I do things like take out the trash and dishes because frankly it makes me sick if I let it go too long and he doesn't take the initiative and do it himself. We don't have a dishwasher appliance, so if I haven't done dishes regularly, from being sick, it affects and bothers me far more than him - he can still feel just fine doing the bachelor thing and eat cereal out of a cup or mixing bowl with a serving spoon. This is not comfortable for me, so I have taken the responsibility for doing it to manage my own comfort level. I enjoy the feeling of accomplishment for myself, and who doesn't like seeing a kitchen with clean counters and a non-smelly trash can? He grew up in a hoarding household, and I don't think he had chores, so the connection between regular chores daily for a few minutes at a time hasn't been made yet - cleaning is for a frantic period hours before guests arrive, or not at all, and I've heard plenty of women (and some men) complain about slobby mates, and so I know it's not 100% a PD thing - it's a big ol' mess of things about being messy. O_o
The same goes for the yard - I feel better for getting the exercise by mowing it, I know I'm lazy about exercising for exercise's sake, and so having a 'reason' to be outside, get some sun and sweat for a while helps me do just that. Also, thought it's still rare, about 25% of the time, he'll come out an use the weed-eater (it's too heavy for me to use easily - pushing a mower is easier) while I am mowing or weeding by hand. Telling him, asking him, pleading with him never works. Just showing him I'm going to do it regardless seems to be the best method for encouragement.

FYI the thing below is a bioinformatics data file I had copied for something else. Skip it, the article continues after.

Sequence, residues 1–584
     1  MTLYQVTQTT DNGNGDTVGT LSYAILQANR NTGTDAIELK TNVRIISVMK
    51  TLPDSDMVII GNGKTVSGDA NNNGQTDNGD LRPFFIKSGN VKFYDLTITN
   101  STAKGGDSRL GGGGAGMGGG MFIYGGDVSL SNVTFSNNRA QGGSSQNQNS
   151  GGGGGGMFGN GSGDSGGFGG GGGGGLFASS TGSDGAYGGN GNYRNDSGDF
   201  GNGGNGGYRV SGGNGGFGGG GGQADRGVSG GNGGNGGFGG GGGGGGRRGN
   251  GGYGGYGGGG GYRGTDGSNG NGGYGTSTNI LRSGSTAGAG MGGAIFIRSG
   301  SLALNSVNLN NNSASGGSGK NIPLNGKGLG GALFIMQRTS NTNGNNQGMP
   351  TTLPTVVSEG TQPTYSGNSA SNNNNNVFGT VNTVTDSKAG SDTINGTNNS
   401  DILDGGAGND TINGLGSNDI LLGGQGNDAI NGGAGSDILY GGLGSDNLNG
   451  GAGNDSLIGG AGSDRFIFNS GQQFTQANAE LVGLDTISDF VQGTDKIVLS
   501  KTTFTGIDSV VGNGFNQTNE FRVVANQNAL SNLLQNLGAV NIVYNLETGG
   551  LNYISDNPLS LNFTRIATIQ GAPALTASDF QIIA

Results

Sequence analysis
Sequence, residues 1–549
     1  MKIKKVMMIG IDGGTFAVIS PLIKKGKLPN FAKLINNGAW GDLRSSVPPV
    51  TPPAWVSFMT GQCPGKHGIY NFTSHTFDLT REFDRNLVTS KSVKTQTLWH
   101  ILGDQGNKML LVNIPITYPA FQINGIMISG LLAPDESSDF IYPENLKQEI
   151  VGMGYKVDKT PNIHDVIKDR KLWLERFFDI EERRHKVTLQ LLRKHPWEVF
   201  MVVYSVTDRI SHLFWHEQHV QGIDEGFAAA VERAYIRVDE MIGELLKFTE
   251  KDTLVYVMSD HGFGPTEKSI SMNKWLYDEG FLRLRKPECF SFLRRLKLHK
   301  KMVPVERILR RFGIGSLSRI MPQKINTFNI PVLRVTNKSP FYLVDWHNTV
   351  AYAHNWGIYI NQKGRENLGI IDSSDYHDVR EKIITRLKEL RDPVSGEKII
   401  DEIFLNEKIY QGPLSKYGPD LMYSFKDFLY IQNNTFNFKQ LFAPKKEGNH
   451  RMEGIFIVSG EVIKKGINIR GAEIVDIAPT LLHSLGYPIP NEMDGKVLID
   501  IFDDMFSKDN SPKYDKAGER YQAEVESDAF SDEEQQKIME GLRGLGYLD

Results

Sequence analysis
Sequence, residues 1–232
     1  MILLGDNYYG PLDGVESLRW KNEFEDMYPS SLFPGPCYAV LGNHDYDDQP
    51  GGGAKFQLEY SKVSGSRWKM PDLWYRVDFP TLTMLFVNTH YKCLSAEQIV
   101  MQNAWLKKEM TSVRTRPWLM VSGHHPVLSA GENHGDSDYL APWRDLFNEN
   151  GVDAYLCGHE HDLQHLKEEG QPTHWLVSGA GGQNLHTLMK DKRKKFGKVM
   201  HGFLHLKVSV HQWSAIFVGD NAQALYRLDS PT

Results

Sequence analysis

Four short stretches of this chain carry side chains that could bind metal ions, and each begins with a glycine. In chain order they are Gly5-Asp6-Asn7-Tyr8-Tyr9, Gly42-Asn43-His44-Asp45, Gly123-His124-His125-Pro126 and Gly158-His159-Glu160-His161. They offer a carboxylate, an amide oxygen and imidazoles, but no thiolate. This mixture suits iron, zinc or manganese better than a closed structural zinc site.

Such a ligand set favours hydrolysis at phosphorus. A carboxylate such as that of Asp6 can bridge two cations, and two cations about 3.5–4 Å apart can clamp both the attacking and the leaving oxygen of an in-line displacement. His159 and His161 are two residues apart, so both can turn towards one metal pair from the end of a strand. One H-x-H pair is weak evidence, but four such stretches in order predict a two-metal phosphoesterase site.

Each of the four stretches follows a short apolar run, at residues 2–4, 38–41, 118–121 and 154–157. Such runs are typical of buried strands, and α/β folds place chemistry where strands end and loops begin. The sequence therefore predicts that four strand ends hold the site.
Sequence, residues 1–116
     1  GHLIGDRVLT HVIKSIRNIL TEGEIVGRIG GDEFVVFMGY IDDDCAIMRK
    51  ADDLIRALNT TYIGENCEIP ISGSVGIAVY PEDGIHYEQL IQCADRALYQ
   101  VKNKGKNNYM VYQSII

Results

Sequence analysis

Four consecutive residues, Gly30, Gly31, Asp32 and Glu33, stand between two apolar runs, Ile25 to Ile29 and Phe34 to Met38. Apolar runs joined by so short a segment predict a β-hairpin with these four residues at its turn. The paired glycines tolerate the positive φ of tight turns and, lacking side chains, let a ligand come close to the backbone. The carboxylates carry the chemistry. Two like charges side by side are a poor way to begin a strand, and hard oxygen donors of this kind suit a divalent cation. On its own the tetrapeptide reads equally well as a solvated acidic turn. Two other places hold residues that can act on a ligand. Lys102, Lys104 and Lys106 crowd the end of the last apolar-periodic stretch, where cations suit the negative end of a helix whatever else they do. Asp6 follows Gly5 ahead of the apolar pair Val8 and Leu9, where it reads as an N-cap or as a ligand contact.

I'd love to have him be as willing to help me or do things with me as I see our couples-friends interact - but he's got a PD, so in many aspects I accept it's a pipe-dream - he will never be able to guarantee he won't rage when using power tools (yay
). He will probably never realize him passive aggressively refusing to clean is 'revenge' on his hoarding mother projected onto me. I use the "if I were single analogy" as a way to let go of resentment when it can feel like a lot... honestly if I lived alone, the amount of chores I'd be doing to keep my place neat wouldn't be that different 0 I'd be more successful because I have less than half the stuff he does, and use half the dishes and so forth, but even then the floorspace for moping is the same, the toilet and sink aren't any larger for having a second person around, and changing the sheets has always been about my comfort - he could not care less. And I'm not dating him to get 'free' labor. So the comparison of having a not-always-helpful partner and being single in this respect helps me realize there are plenty of other things more important to address. In the act of giving up and deciding to just do it myself, and letting go of resentment as I can lets me usually just feel good it got done, AND it seems to be the best encouragement, somehow.